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The Undue Hardship Limitation
An employer does not have to make a reasonable accommodation if it can be shown that, to do so, would impose an undue hardship on the operation of the business. An undue hardship is an action that requires "significant difficulty or expense" in relation to the size of the employer, the resources available, and the nature of the operation. Whether a particular accommodation would impose an undue hardship must always be determined on a case-by-case basis. An accommodation that poses an undue hardship for one employer at a particular time may not pose an undue hardship for another employer, or even for the same employer at another time.
For more information on the Undue Hardship Limitation Click here http://www.adaportal.org/Employment/Browse_TAM_I/Chapter_III_3-9.html to go to the EEOC Title I Technical Assistance Manual
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Technical assistance available
The US Equal Employment Opportunity Commission (EEOC) issues enforcement guidances as a part of an active technical assistance program to help employers, other covered entities, and people with disabilities learn about their obligations and rights under the employment provisions of the Americans with Disabilities Act (Title I of the ADA). The Enforcement Guidance on Reasonable Accommodation and Undue Hardship under the Americans with Disabilities Act clarifies the rights and responsibilities of employers and individuals with disabilities regarding reasonable accommodation and undue hardship. This Guidance examines what "reasonable accommodation" means and who is entitled to receive it. The Guidance discusses reasonable accommodations applicable to the hiring process and to the benefits and privileges of employment.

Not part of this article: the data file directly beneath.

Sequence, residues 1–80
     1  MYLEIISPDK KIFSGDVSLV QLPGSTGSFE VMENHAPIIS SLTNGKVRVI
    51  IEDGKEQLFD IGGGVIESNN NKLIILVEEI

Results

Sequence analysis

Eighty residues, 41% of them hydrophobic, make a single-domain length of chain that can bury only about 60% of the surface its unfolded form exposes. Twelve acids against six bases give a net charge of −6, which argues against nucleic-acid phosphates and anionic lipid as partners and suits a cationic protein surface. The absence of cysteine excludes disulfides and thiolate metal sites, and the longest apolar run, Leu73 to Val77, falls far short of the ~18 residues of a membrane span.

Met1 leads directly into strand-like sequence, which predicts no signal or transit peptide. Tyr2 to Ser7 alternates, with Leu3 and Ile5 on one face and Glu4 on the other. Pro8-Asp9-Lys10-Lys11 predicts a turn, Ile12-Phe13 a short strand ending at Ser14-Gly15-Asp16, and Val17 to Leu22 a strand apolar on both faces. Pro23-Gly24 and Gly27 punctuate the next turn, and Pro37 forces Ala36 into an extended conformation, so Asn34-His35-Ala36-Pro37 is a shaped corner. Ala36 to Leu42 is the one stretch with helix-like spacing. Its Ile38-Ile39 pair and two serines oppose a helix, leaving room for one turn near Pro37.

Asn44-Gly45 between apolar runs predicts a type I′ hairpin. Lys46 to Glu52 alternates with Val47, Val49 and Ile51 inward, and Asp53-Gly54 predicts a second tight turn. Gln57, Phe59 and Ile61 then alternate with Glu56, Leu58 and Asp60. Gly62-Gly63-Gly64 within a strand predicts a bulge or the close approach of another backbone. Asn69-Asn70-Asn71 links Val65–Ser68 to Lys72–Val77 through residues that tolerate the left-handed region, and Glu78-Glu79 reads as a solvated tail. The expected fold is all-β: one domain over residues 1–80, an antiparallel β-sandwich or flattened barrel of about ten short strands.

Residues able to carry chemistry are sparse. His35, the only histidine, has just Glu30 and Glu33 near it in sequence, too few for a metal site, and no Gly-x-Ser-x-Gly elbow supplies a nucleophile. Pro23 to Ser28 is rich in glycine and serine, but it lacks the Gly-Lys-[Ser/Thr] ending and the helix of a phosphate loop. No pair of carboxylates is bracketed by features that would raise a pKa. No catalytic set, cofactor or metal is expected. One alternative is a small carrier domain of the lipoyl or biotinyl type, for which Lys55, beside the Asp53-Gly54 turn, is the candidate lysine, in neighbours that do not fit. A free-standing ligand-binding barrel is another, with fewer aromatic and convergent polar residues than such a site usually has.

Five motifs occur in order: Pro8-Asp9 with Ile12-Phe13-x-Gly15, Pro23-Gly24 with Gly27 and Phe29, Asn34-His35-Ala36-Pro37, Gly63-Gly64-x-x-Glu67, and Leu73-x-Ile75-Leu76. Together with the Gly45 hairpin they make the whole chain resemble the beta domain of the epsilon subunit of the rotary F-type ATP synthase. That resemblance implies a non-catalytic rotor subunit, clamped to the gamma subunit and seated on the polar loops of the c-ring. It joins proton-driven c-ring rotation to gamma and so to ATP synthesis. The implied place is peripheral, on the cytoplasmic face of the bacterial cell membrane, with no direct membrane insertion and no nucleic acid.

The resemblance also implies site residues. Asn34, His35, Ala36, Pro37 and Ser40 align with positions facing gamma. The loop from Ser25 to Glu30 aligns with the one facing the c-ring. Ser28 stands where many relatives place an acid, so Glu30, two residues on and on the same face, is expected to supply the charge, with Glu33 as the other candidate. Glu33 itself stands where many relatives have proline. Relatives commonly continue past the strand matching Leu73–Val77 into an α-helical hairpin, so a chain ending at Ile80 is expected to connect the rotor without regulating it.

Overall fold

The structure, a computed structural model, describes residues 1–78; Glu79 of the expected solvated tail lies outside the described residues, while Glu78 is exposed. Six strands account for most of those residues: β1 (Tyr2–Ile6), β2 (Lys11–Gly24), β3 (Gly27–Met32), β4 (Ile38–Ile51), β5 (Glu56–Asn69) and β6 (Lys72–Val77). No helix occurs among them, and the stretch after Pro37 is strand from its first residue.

Click here http://www.eeoc.gov/policy/docs/accommodation.html to go to the Equal Employment Opportunity Commission site and view the Guidance in its entirety.
The Job Accommodation Network (JAN) is a service of the Office of Disability Employment Policy (ODEP) of the U.S. Department of Labor. JAN's mission is to facilitate the employment and retention of workers with disabilities by providing employers, employment providers, people with disabilities, their family members and other interested parties with information on job accommodations, self-employment and small business opportunities and related subjects. JAN's efforts are in support of the employment, including self-employment and small business ownership, of people with disabilities. JAN represents the most comprehensive resource for job accommodations available. JAN provides individualized accommodation information on a case-by-case basis.
To learn more about how JAN can help you click here http://www.jan.wvu.edu/ to go to the Job Accommodation Network site.